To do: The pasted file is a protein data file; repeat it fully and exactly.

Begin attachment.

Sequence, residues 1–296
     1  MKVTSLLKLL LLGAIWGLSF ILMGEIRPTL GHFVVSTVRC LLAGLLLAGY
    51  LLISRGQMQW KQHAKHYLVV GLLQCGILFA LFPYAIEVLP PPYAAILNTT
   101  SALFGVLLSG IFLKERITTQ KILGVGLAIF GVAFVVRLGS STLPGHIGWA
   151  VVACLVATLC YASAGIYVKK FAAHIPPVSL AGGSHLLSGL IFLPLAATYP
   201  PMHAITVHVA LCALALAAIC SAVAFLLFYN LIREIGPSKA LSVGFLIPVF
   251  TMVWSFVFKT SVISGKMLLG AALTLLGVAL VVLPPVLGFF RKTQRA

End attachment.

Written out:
Sequence, residues 1–296
     1  MKVTSLLKLL LLGAIWGLSF ILMGEIRPTL GHFVVSTVRC LLAGLLLAGY
    51  LLISRGQMQW KQHAKHYLVV GLLQCGILFA LFPYAIEVLP PPYAAILNTT
   101  SALFGVLLSG IFLKERITTQ KILGVGLAIF GVAFVVRLGS STLPGHIGWA
   151  VVACLVATLC YASAGIYVKK FAAHIPPVSL AGGSHLLSGL IFLPLAATYP
   201  PMHAITVHVA LCALALAAIC SAVAFLLFYN LIREIGPSKA LSVGFLIPVF
   251  TMVWSFVFKT SVISGKMLLG AALTLLGVAL VVLPPVLGFF RKTQRA